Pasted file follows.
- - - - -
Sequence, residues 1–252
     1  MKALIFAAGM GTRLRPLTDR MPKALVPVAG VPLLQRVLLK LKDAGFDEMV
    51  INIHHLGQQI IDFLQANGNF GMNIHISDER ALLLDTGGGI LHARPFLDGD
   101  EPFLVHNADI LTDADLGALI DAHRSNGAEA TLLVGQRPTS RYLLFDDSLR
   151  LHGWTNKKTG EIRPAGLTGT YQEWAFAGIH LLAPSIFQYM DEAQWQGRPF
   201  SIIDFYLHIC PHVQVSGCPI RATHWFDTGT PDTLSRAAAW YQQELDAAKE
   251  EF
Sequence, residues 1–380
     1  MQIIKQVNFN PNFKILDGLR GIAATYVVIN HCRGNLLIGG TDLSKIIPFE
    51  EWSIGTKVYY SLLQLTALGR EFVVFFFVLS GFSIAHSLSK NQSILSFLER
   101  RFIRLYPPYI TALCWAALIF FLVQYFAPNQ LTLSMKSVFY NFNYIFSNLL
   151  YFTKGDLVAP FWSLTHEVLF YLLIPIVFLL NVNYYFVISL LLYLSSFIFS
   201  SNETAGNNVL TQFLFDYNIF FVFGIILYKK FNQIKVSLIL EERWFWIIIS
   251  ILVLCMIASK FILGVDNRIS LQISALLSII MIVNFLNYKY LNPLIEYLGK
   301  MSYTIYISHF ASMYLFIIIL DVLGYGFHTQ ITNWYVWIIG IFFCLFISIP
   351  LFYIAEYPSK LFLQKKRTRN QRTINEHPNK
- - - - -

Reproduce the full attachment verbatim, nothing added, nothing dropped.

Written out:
Sequence, residues 1–252
     1  MKALIFAAGM GTRLRPLTDR MPKALVPVAG VPLLQRVLLK LKDAGFDEMV
    51  INIHHLGQQI IDFLQANGNF GMNIHISDER ALLLDTGGGI LHARPFLDGD
   101  EPFLVHNADI LTDADLGALI DAHRSNGAEA TLLVGQRPTS RYLLFDDSLR
   151  LHGWTNKKTG EIRPAGLTGT YQEWAFAGIH LLAPSIFQYM DEAQWQGRPF
   201  SIIDFYLHIC PHVQVSGCPI RATHWFDTGT PDTLSRAAAW YQQELDAAKE
   251  EF
Sequence, residues 1–380
     1  MQIIKQVNFN PNFKILDGLR GIAATYVVIN HCRGNLLIGG TDLSKIIPFE
    51  EWSIGTKVYY SLLQLTALGR EFVVFFFVLS GFSIAHSLSK NQSILSFLER
   101  RFIRLYPPYI TALCWAALIF FLVQYFAPNQ LTLSMKSVFY NFNYIFSNLL
   151  YFTKGDLVAP FWSLTHEVLF YLLIPIVFLL NVNYYFVISL LLYLSSFIFS
   201  SNETAGNNVL TQFLFDYNIF FVFGIILYKK FNQIKVSLIL EERWFWIIIS
   251  ILVLCMIASK FILGVDNRIS LQISALLSII MIVNFLNYKY LNPLIEYLGK
   301  MSYTIYISHF ASMYLFIIIL DVLGYGFHTQ ITNWYVWIIG IFFCLFISIP
   351  LFYIAEYPSK LFLQKKRTRN QRTINEHPNK